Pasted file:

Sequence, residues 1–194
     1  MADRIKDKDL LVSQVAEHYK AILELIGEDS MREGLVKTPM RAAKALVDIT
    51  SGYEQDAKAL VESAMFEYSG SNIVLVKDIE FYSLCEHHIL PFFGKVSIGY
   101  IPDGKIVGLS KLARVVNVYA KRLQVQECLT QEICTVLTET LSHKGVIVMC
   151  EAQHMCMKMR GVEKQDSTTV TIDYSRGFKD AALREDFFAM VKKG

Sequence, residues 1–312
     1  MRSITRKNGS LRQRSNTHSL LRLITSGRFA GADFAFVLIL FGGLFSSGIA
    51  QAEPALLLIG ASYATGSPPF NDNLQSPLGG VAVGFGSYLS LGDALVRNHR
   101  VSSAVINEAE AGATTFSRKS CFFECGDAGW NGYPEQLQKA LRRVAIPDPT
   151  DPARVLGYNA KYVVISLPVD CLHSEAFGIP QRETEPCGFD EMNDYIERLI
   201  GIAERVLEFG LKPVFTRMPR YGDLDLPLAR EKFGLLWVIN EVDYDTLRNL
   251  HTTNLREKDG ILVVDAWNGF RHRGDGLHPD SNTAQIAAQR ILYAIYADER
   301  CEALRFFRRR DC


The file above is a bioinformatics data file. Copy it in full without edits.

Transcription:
Sequence, residues 1–194
     1  MADRIKDKDL LVSQVAEHYK AILELIGEDS MREGLVKTPM RAAKALVDIT
    51  SGYEQDAKAL VESAMFEYSG SNIVLVKDIE FYSLCEHHIL PFFGKVSIGY
   101  IPDGKIVGLS KLARVVNVYA KRLQVQECLT QEICTVLTET LSHKGVIVMC
   151  EAQHMCMKMR GVEKQDSTTV TIDYSRGFKD AALREDFFAM VKKG

Sequence, residues 1–312
     1  MRSITRKNGS LRQRSNTHSL LRLITSGRFA GADFAFVLIL FGGLFSSGIA
    51  QAEPALLLIG ASYATGSPPF NDNLQSPLGG VAVGFGSYLS LGDALVRNHR
   101  VSSAVINEAE AGATTFSRKS CFFECGDAGW NGYPEQLQKA LRRVAIPDPT
   151  DPARVLGYNA KYVVISLPVD CLHSEAFGIP QRETEPCGFD EMNDYIERLI
   201  GIAERVLEFG LKPVFTRMPR YGDLDLPLAR EKFGLLWVIN EVDYDTLRNL
   251  HTTNLREKDG ILVVDAWNGF RHRGDGLHPD SNTAQIAAQR ILYAIYADER
   301  CEALRFFRRR DC